11. 11. Knowledge Work Barriers Cont d Supported by NSE-VOSS Award #0943237   Failure to share knowledge   In LVG, the test center did not understand the culture of the co- located team members and the development process   In Orchid, the graduate students were not comfortable sharing up what they saw and/or did not understand- F2F helped build trust   In LVG, due to IP concerns, unable to share mother code   Lack of common frame of reference   In Orchid, experimentalists from different scientific disciplines use different language and have different approaches to describe and interpret the same data   In LVG, the developers did not have a common frame of how to conduct tests of the game April 2012
  12. 12. Exercise Part 1 Supported by NSE-VOSS Award #0943237   Spend 5 minutes and think of a past or present issue that you are aware of, with a team in your organization that has virtual components.   Where would you place the project on the innovation continuum, R1- D4?   What is/was the issue? What type of knowledge work barriers do you suspect were at play?   Let s share our examples and consider the learnings from our project to your examples   Large group conversation April 2012
  13. 13. Our Findings April 2012Supported by NSE-VOSS Award #0943237   The work characteristics are similar between face-to-face (F2F) and distributed   In a high velocity environment, take time early in the process to scope things out clearly with specificity   F2F is of value across the entire continuum   F2F appears to be critical on the unknown /R side of the continuum- where uncertainty is high   Reliance on divergence greater at R end of continuum, reliance on convergence, standardization higher at D end of continuum   Failure to utilize knowledge seemed higher in the D3-D4 side of the continuum   Rich media significantly adds value to coordination, cooperation, communication and commitment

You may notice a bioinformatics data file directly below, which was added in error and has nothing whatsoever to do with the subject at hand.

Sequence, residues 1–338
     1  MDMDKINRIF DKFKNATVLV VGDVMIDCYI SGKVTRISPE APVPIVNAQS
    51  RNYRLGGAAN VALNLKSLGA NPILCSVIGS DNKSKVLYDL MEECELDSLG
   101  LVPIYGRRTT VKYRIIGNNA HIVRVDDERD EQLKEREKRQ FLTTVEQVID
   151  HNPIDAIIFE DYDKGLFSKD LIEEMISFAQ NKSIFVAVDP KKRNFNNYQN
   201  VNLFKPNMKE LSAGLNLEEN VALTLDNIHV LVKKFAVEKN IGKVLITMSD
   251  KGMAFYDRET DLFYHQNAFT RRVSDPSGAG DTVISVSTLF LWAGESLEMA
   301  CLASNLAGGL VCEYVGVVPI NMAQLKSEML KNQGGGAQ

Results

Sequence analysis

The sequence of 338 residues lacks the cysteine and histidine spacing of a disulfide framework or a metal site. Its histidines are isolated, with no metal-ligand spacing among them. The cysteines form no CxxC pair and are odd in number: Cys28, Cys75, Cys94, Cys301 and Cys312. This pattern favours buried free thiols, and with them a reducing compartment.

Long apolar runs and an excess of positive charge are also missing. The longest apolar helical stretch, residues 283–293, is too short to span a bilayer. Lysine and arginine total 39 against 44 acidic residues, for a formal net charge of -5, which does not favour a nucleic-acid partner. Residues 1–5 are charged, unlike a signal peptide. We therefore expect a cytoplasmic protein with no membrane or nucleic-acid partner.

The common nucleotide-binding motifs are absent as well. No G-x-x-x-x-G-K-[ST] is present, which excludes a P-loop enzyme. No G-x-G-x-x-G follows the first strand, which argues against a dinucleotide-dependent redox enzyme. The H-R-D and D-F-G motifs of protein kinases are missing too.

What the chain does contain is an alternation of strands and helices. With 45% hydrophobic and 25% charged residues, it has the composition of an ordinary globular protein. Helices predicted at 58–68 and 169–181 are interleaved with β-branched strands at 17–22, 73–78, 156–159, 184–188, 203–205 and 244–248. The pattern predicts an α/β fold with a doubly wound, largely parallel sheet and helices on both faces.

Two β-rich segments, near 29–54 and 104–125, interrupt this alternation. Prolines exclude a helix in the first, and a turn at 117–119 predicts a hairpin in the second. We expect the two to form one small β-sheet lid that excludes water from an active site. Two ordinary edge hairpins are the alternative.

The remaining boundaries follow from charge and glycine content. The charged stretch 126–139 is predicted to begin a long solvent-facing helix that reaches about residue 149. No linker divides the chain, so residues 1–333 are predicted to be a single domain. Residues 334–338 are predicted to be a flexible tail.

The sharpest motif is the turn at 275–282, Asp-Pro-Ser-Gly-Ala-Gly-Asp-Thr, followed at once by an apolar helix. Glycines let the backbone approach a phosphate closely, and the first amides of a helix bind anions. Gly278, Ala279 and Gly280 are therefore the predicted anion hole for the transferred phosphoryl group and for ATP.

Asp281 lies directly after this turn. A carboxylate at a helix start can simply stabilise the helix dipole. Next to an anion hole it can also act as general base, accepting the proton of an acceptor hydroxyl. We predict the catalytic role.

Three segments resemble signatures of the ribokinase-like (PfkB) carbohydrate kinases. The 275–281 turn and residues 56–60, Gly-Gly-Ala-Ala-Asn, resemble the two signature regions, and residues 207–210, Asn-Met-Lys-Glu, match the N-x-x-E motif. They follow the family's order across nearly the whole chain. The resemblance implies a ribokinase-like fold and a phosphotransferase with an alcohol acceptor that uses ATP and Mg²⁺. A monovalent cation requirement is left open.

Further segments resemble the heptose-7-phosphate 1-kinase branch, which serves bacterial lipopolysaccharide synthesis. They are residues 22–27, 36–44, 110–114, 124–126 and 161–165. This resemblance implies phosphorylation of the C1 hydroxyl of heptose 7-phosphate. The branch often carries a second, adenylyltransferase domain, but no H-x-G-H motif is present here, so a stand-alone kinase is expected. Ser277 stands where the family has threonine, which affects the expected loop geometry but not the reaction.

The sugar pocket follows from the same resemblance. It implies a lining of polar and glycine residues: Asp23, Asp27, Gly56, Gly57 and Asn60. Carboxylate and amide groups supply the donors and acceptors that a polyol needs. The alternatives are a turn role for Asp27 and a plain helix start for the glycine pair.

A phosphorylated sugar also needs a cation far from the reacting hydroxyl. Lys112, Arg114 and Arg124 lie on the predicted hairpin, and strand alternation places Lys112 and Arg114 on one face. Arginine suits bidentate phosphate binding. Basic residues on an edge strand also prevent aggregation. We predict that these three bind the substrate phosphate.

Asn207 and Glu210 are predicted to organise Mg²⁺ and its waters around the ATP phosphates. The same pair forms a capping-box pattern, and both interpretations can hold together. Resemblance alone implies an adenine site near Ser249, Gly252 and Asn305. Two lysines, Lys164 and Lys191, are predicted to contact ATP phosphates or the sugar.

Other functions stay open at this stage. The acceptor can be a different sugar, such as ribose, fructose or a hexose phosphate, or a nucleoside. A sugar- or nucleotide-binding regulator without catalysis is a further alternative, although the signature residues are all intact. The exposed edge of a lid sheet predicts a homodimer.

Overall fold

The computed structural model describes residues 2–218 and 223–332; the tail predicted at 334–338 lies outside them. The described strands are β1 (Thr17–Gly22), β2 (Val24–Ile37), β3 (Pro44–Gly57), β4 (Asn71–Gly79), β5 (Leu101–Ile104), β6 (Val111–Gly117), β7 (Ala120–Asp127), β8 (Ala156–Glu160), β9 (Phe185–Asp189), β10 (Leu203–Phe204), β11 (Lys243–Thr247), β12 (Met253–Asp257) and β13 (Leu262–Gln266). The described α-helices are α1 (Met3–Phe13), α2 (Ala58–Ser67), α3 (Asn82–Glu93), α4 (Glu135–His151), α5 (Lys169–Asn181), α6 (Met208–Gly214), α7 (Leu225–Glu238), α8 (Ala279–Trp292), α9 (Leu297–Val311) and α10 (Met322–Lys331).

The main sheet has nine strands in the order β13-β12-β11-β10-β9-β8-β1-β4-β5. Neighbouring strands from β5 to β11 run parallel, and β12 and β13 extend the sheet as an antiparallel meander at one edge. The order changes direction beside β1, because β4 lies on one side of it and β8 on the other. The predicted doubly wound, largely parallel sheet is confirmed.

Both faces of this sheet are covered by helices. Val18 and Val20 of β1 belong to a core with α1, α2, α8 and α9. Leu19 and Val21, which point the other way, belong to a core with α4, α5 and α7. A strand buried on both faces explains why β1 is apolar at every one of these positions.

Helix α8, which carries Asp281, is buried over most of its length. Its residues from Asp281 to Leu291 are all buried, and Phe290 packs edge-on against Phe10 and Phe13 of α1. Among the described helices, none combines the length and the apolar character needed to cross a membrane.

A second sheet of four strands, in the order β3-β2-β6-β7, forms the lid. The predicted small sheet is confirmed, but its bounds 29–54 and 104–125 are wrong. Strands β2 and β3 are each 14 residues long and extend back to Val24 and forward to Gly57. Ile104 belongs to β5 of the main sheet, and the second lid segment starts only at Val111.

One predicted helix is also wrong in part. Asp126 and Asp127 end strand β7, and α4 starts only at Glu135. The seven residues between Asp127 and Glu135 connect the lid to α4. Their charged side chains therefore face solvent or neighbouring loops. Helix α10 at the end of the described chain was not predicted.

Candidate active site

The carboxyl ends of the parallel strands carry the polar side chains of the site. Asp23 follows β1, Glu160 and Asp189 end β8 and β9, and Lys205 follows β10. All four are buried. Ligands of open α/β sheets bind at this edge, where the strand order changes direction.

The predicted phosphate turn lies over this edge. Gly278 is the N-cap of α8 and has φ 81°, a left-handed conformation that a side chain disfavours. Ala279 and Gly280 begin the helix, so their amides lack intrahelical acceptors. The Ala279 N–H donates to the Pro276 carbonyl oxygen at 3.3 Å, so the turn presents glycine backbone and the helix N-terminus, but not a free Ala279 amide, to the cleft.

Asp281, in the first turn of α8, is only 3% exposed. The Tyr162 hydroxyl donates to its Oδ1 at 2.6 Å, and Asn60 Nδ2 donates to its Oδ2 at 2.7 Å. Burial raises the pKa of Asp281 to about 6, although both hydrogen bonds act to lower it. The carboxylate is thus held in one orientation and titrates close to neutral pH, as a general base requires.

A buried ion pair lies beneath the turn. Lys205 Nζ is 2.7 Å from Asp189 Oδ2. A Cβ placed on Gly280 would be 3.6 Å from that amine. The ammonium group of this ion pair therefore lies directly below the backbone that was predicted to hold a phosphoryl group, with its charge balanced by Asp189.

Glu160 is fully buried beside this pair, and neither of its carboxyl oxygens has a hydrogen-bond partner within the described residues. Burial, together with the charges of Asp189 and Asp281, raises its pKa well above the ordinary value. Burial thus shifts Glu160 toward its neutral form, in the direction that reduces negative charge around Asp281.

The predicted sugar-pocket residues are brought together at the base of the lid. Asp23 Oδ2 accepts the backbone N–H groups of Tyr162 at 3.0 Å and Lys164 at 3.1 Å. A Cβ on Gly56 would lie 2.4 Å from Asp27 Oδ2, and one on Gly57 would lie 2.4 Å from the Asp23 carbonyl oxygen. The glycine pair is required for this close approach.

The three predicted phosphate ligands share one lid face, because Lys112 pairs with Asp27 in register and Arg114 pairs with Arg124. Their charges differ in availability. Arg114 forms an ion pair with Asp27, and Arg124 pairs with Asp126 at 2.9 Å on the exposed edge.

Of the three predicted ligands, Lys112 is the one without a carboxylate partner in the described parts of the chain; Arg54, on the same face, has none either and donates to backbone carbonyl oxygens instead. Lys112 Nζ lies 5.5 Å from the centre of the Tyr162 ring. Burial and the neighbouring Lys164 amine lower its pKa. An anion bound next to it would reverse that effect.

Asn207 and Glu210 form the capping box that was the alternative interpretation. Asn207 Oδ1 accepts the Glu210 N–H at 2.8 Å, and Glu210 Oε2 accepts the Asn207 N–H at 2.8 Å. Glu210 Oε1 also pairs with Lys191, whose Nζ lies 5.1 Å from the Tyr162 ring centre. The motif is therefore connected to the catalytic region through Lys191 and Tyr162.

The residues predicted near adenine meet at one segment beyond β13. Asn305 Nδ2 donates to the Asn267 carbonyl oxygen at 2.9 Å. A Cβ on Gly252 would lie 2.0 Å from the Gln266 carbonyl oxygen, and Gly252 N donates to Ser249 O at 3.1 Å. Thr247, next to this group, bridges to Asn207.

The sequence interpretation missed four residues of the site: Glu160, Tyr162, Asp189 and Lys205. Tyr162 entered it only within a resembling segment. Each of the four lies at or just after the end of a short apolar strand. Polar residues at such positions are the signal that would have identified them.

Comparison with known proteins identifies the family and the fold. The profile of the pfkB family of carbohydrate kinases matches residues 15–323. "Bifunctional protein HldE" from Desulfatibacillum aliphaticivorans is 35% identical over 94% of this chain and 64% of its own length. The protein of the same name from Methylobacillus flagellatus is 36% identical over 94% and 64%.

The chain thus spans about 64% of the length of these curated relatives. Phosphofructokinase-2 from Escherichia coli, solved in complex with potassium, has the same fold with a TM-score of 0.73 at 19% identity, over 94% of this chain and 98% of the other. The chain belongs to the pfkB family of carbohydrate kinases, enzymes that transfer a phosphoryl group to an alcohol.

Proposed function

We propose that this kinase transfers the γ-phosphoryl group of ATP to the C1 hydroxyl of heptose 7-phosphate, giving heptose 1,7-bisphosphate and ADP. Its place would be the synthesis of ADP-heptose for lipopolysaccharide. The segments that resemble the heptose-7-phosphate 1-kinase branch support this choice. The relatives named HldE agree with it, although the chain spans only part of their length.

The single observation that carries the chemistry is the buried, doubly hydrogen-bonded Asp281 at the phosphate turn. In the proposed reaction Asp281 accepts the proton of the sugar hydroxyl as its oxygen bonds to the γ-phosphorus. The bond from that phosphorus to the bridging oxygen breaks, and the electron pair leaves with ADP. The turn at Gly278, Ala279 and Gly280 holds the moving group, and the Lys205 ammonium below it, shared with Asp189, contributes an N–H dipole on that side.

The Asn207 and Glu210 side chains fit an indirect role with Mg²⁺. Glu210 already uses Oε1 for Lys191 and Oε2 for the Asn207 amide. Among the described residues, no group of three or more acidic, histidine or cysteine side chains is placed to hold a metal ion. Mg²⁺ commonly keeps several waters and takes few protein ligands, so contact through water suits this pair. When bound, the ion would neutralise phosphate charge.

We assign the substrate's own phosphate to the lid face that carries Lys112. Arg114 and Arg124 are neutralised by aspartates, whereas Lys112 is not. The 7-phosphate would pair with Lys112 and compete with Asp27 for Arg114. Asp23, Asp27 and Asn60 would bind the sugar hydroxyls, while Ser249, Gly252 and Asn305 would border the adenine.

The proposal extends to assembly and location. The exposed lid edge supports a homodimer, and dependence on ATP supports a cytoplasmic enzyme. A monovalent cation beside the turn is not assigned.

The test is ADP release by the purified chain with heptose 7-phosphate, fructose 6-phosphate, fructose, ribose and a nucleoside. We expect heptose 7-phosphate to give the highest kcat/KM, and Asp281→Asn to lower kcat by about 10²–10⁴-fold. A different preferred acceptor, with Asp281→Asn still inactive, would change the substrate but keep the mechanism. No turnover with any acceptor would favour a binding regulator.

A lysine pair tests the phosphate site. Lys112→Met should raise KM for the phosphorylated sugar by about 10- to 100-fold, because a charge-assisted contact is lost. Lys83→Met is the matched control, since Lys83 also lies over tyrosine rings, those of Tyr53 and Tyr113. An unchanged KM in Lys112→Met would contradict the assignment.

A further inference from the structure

14. 14. Surprising What We Didn t Find   Relatively inconsequential …   Culture   Language   Time difference April 2012Supported by NSE-VOSS Award #0943237
  15. 15. Coordination Mechanisms to Facilitate Innovation between Distributed Collaborators April 2012Supported by NSE-VOSS Award #0943237   Mutual Adjustment   Direct Supervision   Standardization of Work Processes   Standardization of Output   Standardization of Skills and Knowledge   Standardization of Norms   Henry Mintzberg, 1979
  16. 16. Some Fixes Supported by NSE-VOSS Award #0943237   Orchid   Temporary, co-location of scientist to build common frame of reference   Co-creation, mutual adjustment of new procedures   Develop personal relationships (trust)   NACC   Inclusion in conversations/deliberations of key technical staff   Clear, specific standardization of data submittal process   Purposeful social network that supports collaboration   LVG   Podcasts with the test center and core team during sprint cycles   Create new role of prime contact/supervisor with contractors   Chunk requirements of contractors deliverables to ensure on target April 2012